Praise for government ringing in changes to NAIF
LABOR has praised the Australian Government for ringing in the changes to its often-criticised $5 million federal loans scheme to get the money flowing towards more Northern Australia infrastructure projects sooner.
Minister for Resources, Water and Northern Australia Keith Pitt said his government was determined to transform the Northern Australia Infrastructure Facility (NAIF) into a more proactive investor for the benefit of Northern Australia.
"The changes will speed up the flow of funds to approved projects, give projects a greater range of debt-support options, and allow NAIF to make equity investments," Mr Pitt said.
"The reforms will streamline the approval process for NAIF to decide the most appropriate financing option for each project, including debt guarantees and the purchase of bonds, without the need for each decision to seek multiple approvals."
One of the key changes was the removal of the existing ban on equity investment which would increase NAIF's capacity to actively support development in communities across the north as Australia deals with the impact of the COVID-19 pandemic.
Mr Pitt by removing the ban, it would allow NAIF to take a non-controlling equity investment in a project.
"There will be an overall investment cap on equity of $500 million (10 per cent) from the NAIF's total $5 billion investment fund," he said.
Minister Pitt said the changes were in line with the findings of the NAIF Statutory Review and in addition to the reforms announced in the October Budget.
He said legislation on the reforms and those announced as part of the 2020-21 Budget would be introduced into parliament early next year.
"The changes mean we can better use the expertise and stakeholder networks of the NAIF to support the government's agenda of economic development in Northern Australia and to deliver on NAIF's key objectives of growing the population, jobs and opportunities in regional communities in the north," he said.
Assistant Minister for Northern Australia Michelle Landry said her government had listened to stakeholder views put forward in the NAIF Statutory Review.
"The reforms, coupled with the October Budget measures, will make it easier and faster for suitable projects to access NAIF funds, and to get projects underway that will generate jobs and further develop Australia's north," Ms Landry said.
"NAIF has already made investment decisions worth $2.4 billion, supporting real jobs and development throughout the COVID-19 pandemic and building confidence in Northern Australia as a great place to live, work, and do business."
The changes come after the Senate Select Committee on the effectiveness of the Australian Government's Northern Australia agenda spent more than a year conducting face-to-face hearings in Darwin, Townsville, Mt Isa, Mackay and Nhulunbuy, along with a series of video conferences.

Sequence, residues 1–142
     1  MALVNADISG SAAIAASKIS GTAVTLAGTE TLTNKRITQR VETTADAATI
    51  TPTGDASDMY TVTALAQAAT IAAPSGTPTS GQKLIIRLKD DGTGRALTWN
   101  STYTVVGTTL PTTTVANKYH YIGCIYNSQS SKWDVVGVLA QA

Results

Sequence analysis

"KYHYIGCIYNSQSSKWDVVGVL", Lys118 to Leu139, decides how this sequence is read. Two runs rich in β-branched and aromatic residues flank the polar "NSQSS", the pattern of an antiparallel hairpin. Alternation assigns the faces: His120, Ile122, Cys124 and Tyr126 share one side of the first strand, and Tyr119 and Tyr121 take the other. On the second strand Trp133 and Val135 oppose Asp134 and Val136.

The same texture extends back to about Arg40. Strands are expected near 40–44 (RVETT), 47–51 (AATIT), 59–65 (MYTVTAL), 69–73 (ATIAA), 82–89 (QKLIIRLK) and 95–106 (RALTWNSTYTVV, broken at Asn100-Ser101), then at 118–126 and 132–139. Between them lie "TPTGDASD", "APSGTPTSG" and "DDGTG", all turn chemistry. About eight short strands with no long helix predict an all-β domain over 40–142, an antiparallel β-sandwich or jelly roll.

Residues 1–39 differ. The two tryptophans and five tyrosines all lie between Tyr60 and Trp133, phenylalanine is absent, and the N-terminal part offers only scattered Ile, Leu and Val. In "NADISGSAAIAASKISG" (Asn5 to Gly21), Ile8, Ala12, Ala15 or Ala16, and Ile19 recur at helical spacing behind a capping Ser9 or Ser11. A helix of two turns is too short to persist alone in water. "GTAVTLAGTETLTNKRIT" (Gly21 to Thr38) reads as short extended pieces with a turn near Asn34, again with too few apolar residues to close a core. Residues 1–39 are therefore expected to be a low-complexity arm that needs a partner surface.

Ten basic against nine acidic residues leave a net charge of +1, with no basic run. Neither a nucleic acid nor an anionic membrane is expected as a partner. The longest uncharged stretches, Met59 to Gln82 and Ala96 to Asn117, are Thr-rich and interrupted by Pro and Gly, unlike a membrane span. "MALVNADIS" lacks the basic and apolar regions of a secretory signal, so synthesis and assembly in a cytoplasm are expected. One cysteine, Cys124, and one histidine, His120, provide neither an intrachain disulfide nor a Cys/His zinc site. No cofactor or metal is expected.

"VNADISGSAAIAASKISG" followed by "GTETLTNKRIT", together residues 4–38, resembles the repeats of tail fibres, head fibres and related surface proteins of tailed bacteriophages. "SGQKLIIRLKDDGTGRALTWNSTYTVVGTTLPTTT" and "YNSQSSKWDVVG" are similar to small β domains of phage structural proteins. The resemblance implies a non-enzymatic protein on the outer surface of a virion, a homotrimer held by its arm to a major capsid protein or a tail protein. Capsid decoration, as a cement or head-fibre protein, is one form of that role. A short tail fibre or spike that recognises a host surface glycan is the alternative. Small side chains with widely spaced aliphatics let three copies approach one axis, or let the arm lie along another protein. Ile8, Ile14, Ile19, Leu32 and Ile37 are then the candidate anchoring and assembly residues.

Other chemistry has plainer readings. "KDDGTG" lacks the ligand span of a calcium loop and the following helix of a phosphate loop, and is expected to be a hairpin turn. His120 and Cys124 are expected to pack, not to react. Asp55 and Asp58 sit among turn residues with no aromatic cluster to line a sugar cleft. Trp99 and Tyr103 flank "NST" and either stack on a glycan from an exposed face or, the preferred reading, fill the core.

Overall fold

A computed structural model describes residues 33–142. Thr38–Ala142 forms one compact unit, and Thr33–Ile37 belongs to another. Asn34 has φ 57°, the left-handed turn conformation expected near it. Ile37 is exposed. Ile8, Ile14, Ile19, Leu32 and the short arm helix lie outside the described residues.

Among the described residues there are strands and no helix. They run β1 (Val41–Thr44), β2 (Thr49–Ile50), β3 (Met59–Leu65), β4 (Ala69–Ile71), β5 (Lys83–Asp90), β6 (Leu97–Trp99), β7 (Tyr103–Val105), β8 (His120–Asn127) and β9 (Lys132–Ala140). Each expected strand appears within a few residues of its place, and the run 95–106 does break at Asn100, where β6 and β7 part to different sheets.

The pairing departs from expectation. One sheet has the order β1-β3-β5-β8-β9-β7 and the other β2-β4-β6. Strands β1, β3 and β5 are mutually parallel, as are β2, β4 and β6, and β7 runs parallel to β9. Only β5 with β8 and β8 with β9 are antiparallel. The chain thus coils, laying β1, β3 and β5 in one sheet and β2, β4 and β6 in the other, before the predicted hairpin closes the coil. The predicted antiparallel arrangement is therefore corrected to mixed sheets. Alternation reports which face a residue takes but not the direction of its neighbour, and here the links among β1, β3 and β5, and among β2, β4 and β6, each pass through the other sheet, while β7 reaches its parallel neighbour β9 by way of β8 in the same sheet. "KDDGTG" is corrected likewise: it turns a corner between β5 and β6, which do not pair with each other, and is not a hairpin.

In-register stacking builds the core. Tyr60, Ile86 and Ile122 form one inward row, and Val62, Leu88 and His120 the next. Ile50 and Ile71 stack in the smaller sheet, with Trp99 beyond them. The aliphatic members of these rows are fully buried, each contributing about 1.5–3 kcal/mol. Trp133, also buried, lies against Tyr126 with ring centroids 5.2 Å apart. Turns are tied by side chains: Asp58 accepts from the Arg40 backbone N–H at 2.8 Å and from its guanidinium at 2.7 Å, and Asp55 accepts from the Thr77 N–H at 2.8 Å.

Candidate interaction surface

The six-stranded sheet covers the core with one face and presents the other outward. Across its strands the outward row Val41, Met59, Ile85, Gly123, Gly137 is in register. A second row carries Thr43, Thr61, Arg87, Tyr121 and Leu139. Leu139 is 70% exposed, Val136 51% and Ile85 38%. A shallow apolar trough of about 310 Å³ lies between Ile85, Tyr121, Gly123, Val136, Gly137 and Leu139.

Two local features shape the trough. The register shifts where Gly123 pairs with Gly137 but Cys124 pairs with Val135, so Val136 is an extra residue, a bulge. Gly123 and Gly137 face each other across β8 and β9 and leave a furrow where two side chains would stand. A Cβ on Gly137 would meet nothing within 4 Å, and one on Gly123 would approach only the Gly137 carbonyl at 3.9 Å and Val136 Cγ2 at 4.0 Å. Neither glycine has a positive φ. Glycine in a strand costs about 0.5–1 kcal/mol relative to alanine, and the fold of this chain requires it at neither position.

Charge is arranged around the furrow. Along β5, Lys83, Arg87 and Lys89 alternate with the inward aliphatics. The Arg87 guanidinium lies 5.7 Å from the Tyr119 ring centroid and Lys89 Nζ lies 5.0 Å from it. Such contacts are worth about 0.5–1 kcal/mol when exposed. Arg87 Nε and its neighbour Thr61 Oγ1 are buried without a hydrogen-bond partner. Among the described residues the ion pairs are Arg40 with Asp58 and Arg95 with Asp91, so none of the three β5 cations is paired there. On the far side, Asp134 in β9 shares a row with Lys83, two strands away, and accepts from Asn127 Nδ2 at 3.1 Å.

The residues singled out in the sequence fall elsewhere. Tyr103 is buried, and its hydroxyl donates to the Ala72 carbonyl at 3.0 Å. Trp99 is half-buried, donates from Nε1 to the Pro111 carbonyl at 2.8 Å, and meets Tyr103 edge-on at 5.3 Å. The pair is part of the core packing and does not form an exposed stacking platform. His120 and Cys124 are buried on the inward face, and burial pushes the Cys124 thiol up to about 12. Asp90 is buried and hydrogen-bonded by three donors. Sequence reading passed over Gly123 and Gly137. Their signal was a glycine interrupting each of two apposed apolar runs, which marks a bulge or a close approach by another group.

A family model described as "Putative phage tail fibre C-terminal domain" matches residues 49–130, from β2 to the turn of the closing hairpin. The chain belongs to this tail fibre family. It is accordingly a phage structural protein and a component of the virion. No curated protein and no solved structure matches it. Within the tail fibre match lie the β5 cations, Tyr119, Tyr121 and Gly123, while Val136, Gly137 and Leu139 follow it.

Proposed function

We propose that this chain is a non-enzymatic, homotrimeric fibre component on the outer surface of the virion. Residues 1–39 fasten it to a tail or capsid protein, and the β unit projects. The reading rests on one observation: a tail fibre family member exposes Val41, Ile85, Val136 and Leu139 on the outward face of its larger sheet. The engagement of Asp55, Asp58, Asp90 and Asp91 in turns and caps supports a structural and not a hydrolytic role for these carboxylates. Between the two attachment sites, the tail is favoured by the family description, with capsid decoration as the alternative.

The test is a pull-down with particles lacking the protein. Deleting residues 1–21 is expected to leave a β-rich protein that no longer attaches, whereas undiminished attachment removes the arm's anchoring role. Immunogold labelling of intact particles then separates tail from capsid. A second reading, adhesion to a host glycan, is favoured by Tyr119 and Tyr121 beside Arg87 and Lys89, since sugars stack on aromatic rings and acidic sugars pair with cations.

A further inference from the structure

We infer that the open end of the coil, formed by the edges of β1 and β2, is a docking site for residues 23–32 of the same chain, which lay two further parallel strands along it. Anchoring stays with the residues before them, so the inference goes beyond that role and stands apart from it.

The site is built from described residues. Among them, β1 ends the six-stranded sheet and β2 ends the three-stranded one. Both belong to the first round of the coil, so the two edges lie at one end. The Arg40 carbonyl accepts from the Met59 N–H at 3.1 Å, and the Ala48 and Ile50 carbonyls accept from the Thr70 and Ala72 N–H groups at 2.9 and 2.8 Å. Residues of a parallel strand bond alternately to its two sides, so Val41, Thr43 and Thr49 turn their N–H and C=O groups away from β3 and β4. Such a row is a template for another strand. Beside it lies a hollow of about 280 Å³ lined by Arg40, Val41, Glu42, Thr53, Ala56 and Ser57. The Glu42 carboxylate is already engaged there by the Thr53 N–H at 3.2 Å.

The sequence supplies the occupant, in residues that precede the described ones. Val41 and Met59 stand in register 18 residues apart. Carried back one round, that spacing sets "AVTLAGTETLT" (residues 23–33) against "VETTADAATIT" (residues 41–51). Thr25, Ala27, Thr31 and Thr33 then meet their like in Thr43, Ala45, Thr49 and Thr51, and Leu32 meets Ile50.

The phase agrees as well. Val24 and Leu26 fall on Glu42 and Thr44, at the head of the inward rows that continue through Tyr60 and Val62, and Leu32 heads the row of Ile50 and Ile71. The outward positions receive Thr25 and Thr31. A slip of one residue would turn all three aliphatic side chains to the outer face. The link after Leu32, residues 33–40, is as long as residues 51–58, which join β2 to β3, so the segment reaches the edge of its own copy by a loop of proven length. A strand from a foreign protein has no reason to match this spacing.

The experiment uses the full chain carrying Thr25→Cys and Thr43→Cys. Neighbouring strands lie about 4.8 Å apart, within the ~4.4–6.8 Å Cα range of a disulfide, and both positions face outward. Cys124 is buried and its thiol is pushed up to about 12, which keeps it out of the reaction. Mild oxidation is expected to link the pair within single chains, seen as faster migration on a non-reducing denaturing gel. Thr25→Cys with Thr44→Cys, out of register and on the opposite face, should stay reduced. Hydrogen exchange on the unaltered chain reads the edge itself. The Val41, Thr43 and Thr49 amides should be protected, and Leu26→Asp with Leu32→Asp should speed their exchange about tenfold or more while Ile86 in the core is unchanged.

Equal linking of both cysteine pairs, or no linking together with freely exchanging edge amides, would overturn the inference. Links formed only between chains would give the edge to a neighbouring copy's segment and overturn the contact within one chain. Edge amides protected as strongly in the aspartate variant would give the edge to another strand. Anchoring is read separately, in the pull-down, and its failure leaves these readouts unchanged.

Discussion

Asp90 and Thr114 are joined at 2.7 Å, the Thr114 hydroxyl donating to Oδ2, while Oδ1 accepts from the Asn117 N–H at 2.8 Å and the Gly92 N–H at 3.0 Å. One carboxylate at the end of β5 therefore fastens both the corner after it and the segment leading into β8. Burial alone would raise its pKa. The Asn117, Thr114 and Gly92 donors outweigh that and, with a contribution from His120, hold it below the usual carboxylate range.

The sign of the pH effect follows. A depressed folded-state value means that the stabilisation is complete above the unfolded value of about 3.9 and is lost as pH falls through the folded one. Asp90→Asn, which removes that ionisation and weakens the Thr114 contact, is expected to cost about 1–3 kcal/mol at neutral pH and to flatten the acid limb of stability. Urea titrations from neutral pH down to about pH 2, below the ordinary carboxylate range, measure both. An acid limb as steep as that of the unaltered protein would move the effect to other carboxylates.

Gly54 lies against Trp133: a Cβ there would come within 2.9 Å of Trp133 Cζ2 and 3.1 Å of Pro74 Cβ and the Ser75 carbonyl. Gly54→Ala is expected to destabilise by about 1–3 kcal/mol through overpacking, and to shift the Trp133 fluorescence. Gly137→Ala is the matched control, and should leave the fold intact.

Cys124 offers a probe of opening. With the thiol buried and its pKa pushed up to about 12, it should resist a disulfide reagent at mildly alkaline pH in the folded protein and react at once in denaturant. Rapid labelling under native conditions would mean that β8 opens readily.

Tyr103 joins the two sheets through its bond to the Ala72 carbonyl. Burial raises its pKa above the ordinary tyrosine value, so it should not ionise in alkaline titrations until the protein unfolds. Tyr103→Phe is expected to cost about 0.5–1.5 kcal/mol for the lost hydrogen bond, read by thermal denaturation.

In the committee's recently released interim report provided a series of nine unanimous recommendations to fast-track growth in the region - eight of which were related to overhauling the NAIF.
Shadow Minister for Northern Australia Murray Watt said Labor welcomed the government recognising the NAIF had failed to deliver the projects and jobs that were promised.
"It appears the government has adopted some of the recommendations from the Senate select committee's interim report handed down last week, and that is very encouraging," Senator Watt said.
"However the north is right to be sceptical about whether these changes will be seen on the ground in Central Queensland.
"That's because we've seen lots of NAIF announcements, but very little delivered."
For all the Government's promises, in the five years since it announced the NAIF, Senator Watt said the NAIF had only released five cents in the dollar from its $5 billion budget, with only $10 million released in Queensland.
"We will review the government's proposed changes when we see the legislation," he said.
"Now it is up to Keith Pitt, Michelle Landry and their team to prove they are serious about getting the NAIF right this time."
Important NAIF changes confirmed this year
• Extending the NAIF investment period by five years to 30 June 2026.
• Streamlining the approval process for the NAIF.
• Increasing the NAIF's risk appetite to back more job creating projects.
• Collaborating with lending institutions to support smaller projects ($1m-$10m).
• The definition of public benefit to be simplified and expanded to include factors such as jobs, regional income, and opportunities for local suppliers (including Indigenous).
• Adjusting the NAIF board to ensure it has the right mix of skills and capabilities; including Indigenous development; and
• Appointing a Commonwealth representative to the NAIF Board to strengthen the NAIF's strategic direction.
Further information on the reforms and the NAIF Statutory Review are available on the Northern Australia website.